It’s exasperating to wait two years for preliminary data on income taxA tax is a mandatory payment or charge collected by local, state, and national governments from individuals or businesses to cover the costs of general government services, goods, and activities. es, but 134.5 million tax returns can’t be tallied overnight.
That’s how many tax returns American individuals filed in the spring of 2006 when paying 2005’s taxes, according to new data from the IRS’s Statistics of Income Division.
Other important numbers for tax year 2005, compared to 2004:
Up 8.9 percent: Adjusted Gross Income rose to $7.4 trillion.
Up 9.5 percent: Taxable incomeTaxable income is the amount of income subject to tax, after deductions and exemptions. For both individuals and corporations, taxable income differs from—and is less than—gross income. rose even faster than AGI, to $5.1 trillion.
Up 11.8 percent: The only thing that grew faster than income was taxes, to $928.3 billion.
Up 8.4 percent: Total income tax deductionA tax deduction is a provision that reduces taxable income. A standard deduction is a single deduction at a fixed amount. Itemized deductions are popular among higher-income taxpayers who often have significant deductible expenses, such as state/local taxes paid, mortgage interest, and charitable contributions. s rose to $1,665.6 billion.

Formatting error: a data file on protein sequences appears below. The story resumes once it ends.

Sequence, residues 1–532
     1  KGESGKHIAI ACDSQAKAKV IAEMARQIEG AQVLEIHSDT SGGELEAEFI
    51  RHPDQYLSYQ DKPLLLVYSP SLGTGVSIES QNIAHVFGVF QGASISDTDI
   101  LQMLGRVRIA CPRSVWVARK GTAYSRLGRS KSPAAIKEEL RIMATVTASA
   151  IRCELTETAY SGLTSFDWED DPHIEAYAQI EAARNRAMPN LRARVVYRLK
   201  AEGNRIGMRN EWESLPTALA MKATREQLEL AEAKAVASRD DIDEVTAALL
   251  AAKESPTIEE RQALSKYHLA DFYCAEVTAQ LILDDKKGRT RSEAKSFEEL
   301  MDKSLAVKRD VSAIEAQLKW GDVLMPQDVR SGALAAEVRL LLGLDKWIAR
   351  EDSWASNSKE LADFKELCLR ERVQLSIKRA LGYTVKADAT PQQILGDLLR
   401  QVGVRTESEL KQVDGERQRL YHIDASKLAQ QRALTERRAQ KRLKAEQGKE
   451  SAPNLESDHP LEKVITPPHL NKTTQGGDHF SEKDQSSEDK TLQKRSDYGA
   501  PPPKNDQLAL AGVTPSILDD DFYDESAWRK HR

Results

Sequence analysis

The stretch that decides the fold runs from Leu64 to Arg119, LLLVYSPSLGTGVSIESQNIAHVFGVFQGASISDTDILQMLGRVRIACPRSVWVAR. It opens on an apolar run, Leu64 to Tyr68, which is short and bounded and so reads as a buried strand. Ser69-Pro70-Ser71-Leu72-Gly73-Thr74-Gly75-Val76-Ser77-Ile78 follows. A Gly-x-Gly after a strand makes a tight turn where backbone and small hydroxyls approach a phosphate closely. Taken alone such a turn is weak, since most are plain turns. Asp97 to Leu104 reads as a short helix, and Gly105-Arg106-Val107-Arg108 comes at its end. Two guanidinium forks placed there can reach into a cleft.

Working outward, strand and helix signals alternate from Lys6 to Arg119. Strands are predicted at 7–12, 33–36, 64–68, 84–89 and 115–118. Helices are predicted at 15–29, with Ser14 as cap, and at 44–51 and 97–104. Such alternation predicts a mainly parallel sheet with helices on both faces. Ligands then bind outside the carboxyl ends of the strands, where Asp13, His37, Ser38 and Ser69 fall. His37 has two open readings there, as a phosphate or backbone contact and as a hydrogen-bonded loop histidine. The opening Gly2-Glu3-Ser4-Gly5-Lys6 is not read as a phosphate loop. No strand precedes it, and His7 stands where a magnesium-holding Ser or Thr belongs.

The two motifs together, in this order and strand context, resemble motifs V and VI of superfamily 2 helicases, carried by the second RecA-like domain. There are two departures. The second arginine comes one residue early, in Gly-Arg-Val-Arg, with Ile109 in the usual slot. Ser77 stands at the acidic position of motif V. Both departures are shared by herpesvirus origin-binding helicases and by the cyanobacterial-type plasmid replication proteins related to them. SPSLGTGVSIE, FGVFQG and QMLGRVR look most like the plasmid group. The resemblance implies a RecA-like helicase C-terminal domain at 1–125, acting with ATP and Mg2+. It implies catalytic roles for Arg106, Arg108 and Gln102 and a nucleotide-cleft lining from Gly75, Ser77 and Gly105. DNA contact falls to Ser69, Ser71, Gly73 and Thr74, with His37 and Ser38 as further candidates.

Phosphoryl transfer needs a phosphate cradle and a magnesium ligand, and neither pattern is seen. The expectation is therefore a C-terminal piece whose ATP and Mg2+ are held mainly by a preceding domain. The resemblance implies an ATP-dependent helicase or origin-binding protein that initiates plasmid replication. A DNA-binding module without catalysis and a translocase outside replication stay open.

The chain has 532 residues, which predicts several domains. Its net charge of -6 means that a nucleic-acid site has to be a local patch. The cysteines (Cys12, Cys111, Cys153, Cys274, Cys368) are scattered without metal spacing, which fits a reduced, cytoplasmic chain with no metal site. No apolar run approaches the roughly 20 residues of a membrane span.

Up 5.7 percent: Total income tax creditA tax credit is a provision that reduces a taxpayer’s final tax bill, dollar-for-dollar. A tax credit differs from deductions and exemptions, which reduce taxable income, rather than the taxpayer’s tax bill directly. s (subtracted from liabilities) rose to $54.3 billion.
Up 6.1 percent: Total earned income credit, including the refundable portion, rose to $43.1 billion.
In many cases, 2005 was a statistical re-run of 2004, which had set a staggering standard for rising incomes and tax payments. The new winter issue of the SOI Bulletin also carries final data for tax year 2004.
Some different items from the 2004 series:
- 67.4 percent of the tax returns filed that year were taxable returns. That means 43.1 million tax returns were filed by people who were “non-payers,” i.e. they got back every dollar withheld from their paychecks during the year. That left 89.9 million tax returns who paid the freight.
- On these taxable returns, the average tax rateThe average tax rate is the total tax paid divided by taxable income. While marginal tax rates show the amount of tax paid on the next dollar earned, average tax rates show the overall share of income paid in taxes. rose for the first time in four years, up from 13.0 percent in 2003 to 13.3 percent for 2004.
- Taxpayers with an AGI of at least $328,049, the top 1 percent of taxpayers, accounted for 19 percent of total AGI and 36.9 percent of the total income tax paid during 2004.